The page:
Figure 3: Photomicrograph of skin biopsy showing interlacing muscle bundles (H and E, ×100)

Click here to view



   Discussion Top


Cutaneous leiomyomas are rare benign tumors arising from smooth muscle cells. According to their site of origin, they can be classified into 3 types: (i) those derived from the arrector pili muscle of hair follicles (piloleiomyomas), (ii) those originating from the vascular smooth muscle (angioleiomyomas), and (iii) those arising from the smooth muscle of genital skin (dartoic leiomyomas). [1] Piloleiomyomas are the most common type among cutaneous leiomyomas and are often multiple. [2]

These are transmitted as an autosomal-dominant trait and may be associated with uterine leiomyomas (multiple cutaneous and uterine leiomyomatosis, also known as Reed's syndrome or MCUL) and aggressive renal carcinoma (hereditary leiomyomatosis and renal cell carcinoma or HLRCC). Recently, a loss of function mutation in the gene encoding fumarate hydratase on chromosome 1q42.3-43 has been shown to predispose individuals to MCUL and HLRCC. [3]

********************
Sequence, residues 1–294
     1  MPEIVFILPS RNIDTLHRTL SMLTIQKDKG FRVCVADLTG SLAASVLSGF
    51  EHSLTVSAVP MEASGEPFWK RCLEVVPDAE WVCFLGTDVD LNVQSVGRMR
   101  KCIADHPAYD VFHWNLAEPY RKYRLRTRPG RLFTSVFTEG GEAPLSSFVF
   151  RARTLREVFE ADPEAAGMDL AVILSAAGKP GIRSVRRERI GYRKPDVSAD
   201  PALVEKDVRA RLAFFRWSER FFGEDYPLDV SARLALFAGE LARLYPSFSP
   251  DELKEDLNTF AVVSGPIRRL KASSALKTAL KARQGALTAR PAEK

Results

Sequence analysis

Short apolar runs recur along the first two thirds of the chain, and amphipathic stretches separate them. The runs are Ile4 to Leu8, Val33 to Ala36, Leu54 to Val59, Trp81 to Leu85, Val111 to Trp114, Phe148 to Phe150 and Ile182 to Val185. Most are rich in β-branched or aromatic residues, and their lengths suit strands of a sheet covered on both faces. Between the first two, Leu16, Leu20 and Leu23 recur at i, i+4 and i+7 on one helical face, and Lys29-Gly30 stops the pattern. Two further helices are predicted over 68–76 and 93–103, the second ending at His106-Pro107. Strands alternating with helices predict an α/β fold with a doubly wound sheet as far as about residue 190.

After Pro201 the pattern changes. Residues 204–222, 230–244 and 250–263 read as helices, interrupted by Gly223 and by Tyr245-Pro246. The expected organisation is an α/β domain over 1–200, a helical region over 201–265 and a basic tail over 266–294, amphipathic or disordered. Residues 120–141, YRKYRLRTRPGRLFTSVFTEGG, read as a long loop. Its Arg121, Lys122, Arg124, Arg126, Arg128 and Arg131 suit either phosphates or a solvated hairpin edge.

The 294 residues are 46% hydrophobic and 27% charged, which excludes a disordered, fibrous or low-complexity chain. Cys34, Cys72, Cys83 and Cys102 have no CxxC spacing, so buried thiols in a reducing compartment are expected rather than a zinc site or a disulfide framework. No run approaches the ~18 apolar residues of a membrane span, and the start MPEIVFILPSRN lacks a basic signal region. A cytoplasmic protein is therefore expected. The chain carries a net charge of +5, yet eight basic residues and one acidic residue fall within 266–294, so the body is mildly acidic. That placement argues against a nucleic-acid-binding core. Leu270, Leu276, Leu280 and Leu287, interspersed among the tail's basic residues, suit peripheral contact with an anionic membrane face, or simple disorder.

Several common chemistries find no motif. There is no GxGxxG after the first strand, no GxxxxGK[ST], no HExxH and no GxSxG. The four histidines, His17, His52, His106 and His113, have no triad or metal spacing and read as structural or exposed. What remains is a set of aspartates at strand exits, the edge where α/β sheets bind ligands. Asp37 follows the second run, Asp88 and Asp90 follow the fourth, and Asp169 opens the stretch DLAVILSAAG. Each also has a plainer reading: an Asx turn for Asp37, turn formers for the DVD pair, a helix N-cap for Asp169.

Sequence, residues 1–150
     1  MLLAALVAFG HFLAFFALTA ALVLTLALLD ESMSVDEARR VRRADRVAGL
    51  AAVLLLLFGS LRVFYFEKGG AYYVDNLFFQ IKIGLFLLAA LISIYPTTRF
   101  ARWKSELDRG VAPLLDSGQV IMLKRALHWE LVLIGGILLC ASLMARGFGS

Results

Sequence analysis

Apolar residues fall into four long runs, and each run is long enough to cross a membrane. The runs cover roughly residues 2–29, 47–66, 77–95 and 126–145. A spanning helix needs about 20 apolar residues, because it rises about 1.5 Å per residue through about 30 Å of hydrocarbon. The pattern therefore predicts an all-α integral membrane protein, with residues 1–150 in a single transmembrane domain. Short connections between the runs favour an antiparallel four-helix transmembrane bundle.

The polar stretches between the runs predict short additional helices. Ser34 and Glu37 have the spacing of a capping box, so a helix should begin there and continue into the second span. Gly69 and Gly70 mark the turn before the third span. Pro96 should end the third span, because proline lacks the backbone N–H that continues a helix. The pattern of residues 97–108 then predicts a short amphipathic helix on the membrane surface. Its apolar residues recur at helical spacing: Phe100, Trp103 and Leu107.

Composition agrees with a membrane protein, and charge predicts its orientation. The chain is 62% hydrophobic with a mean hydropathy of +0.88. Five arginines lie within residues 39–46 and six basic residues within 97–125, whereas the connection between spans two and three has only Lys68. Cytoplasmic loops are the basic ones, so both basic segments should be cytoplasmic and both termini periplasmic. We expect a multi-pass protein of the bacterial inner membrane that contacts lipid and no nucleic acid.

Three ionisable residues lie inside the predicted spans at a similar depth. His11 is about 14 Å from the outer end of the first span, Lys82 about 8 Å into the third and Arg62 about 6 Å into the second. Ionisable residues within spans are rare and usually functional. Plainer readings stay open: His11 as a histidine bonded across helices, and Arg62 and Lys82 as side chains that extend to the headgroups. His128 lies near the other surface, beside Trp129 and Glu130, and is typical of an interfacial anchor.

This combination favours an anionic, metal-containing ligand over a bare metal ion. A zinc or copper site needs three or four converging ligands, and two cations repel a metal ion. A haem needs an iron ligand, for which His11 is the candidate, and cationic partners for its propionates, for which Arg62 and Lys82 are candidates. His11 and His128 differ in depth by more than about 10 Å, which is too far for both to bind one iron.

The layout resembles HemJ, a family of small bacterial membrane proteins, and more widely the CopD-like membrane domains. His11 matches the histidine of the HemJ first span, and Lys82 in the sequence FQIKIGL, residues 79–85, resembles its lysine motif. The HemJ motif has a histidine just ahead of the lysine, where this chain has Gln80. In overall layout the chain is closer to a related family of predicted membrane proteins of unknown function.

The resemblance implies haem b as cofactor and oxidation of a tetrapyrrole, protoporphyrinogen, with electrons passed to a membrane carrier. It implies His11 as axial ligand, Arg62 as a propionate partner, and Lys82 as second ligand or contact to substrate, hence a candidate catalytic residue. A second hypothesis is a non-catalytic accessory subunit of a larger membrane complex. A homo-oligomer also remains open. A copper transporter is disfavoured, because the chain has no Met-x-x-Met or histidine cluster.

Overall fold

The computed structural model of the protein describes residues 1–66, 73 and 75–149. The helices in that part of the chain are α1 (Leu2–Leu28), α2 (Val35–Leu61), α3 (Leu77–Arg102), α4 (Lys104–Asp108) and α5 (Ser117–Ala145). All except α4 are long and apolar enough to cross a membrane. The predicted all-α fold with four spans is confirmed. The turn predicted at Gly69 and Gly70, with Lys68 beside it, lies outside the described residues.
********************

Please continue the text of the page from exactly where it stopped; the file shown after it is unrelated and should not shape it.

Piloleiomyomas usually present as small, red-brown, firm papules on the extremities or trunk of young adults. Individual lesions range in size from few millimeters to 1 cm that are fixed to the skin and are freely movable over underlying deeper structures. Patients with piloleiomyoma often have pain that may be spontaneous or secondary to cold, pressure, or emotion. [4] Pressure of the tumor on local nerve fibers and contraction of the smooth muscle fibers are the possible explanation for this phenomenon. These lesions can be arranged in diffuse (disseminated), blaschkoid, or segmental (zosteriform) patterns. [5] Segmental patterns can further be classified as type 1 segmental and type 2 segmental. Type I segmental reflects heterozygosity of a post-zygotic mutation, leading to segmental skin lesions comparable to non-mosaic phenotype, whereas type 2 segmental reflects post-zygotic mutational event in a heterozygous embryo with subsequent loss of heterozygosity, resulting in pronounced pattern of the segmental lesions superimposed on the ordinary phenotype of the underlying disease. Histopathologically, piloleiomyomas are circumscribed, non-encapsulated tumors. The tumor is composed of bundles of smooth muscles arranged in an interlacing and sometimes whorled pattern. The cells have abundant eosinophilic cytoplasm and elongated nuclei with blunt ends.